ABC has ousted Bob Kushell from his post as executive producer and showrunner of the new television adaptation of "The Muppets" after a media watchdog group and parents criticized the network for allowing the new version of the iconic children's series to expose kids to sex, alcohol and drugs.
Deadline.com reports that Kushell, who stated from the outset that he wanted to take "The Muppets" in a more adult direction, has been removed from his role and will likely be replaced by Kristen Stewart, who has worked on shows like "That 70s Show" and "Galavant."
With the first season of "The Muppets" slated for 16 episodes, the website reports that Kushell's departure is part of a "creative overhaul" to reboot the series once it returns from hiatus in the spring.
Kushell's departure comes after the family television watchdog organization Parents Television Council released research on the first four episodes of the freshman show, which found that the series exposed children to sexual innuendos, drug use or alcohol use every three and a half minutes.
As the show debuted in September and airs on Tuesday nights at 8 p.m., PTC research found that it averaged over 1 million small child viewers every week. The TV watchdog played a large role in making parents aware of the fact that the new "Muppets" is not the same child-friendly puppet show it once was.
Additionally, the organization One Million Moms orchestrated a campaign allowing concerned parents to call or email ABC to voice their displeasure with the adult content that has been shown to children.
Although it's not yet certain whether Kushell's departure means the show will return to a more kid-friendly standard, PTC President Tim Winter told The Christian Post that all signs indicate it will reduce its blatant adult references.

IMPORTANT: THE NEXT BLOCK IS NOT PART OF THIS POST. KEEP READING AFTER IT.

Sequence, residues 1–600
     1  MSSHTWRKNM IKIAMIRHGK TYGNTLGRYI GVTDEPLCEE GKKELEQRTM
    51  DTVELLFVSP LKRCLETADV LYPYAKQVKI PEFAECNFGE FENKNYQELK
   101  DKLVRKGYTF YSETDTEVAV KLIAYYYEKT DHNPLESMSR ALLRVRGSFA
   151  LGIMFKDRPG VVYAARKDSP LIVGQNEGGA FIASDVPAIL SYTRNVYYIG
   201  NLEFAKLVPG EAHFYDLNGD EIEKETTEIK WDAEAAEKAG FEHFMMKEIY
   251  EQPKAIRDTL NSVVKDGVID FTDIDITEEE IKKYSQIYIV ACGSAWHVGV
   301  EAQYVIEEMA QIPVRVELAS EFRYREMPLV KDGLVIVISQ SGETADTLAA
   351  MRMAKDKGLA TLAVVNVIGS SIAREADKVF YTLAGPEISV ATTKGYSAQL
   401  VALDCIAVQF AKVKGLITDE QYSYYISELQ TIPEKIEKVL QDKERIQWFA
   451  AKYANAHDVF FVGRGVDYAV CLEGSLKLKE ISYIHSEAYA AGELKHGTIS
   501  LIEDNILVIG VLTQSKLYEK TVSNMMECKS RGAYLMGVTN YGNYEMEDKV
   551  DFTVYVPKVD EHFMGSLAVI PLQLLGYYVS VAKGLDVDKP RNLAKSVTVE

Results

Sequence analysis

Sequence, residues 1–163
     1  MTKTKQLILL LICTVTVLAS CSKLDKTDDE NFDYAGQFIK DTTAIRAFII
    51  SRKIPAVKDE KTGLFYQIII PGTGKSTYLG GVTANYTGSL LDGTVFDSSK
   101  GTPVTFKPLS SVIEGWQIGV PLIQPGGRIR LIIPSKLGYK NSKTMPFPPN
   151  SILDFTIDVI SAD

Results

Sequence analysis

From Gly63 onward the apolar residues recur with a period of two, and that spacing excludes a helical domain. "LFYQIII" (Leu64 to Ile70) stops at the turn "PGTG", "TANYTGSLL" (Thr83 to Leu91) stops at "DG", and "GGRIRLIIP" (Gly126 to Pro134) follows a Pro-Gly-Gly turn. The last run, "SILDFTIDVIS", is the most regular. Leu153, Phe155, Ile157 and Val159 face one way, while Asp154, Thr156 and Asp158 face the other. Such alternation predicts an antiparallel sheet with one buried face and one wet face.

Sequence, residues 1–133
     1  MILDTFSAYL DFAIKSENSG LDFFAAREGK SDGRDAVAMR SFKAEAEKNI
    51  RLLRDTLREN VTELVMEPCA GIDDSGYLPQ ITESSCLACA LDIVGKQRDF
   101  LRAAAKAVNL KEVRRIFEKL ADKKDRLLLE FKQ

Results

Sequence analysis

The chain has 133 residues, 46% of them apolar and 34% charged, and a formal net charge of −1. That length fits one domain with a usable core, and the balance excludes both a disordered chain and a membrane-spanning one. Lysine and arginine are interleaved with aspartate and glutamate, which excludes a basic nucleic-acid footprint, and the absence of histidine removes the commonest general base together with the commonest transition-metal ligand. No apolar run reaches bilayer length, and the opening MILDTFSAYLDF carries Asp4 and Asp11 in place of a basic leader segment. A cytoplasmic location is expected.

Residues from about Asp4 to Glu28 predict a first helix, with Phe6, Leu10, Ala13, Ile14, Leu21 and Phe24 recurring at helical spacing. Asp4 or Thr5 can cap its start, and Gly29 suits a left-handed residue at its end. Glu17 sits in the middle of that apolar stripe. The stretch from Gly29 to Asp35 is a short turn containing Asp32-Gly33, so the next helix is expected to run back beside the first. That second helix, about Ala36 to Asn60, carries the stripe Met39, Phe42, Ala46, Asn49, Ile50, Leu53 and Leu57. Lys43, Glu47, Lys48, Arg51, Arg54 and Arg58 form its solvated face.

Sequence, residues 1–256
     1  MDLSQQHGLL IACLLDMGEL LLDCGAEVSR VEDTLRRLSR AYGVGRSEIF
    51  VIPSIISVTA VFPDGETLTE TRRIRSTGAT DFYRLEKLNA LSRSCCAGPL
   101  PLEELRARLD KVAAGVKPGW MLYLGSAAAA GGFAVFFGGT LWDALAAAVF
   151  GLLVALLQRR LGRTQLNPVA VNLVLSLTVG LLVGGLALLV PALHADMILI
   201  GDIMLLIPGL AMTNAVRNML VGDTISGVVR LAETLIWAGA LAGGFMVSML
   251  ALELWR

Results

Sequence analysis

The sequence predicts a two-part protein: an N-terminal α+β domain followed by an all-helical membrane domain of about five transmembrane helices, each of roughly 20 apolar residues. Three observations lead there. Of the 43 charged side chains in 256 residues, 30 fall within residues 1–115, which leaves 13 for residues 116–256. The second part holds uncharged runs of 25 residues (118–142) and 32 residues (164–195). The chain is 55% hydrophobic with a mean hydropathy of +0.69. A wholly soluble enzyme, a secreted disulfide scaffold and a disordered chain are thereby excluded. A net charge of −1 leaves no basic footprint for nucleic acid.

"Our goal was not to get somebody fired, but this is a good barometer for us in that serious changes must be being considered over there at ABC for the show, and that is a positive thing," Winter said. "Some of the other family-friendly groups, some of the pro-family groups, they were taking note and sharing our research. The more people who are talking about it, it usually leads to a more quick and decisive outcome, and that certainly seems to be what happened here."
Although Winter doesn't quite know what to expect from the series' new showrunner, Stewart, he explained that generally the changing of the showrunner is indicative of a new direction.
"We don't know a whole lot about her and where she intends to take the show. When you look at what happened with the show — the ratings, the scrutiny and so forth — the content of the show was clearly a different direction than what the world had come to know about the 'Muppets,'" Winter said. "The only reason you would have a change of a showrunner is to reevaluate that direction. Mr. Kushell was very outspoken in his desire to take it in a more adult-themed direction and he did. The fact that he has been bounced out certainly suggests that a better direction is in store for the franchise."
When asked if he thought PTC's research resulted in ABC's decision to overhaul the show, Winter said it's difficult to know for sure what's behind the network's decision.
"You never [know] what's behind the veil of Hollywood speak, what exactly it means," Winter said. "We were the ones talking about it, we had media writing about it, we had parents questioning the network. You never know what it is that triggers the actual decision, but we look around, and we were the ones who were making a big deal about this."